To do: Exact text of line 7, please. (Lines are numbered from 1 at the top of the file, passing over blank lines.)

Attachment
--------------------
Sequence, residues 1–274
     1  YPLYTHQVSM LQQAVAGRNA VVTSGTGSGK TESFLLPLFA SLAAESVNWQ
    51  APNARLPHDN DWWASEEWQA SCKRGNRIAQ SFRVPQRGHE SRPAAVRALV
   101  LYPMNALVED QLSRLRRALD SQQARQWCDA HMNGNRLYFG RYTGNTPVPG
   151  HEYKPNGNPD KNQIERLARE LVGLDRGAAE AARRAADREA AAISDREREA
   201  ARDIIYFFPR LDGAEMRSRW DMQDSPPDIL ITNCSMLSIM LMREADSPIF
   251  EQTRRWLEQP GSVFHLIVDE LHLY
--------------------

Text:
   251  EQTRRWLEQP GSVFHLIVDE LHLY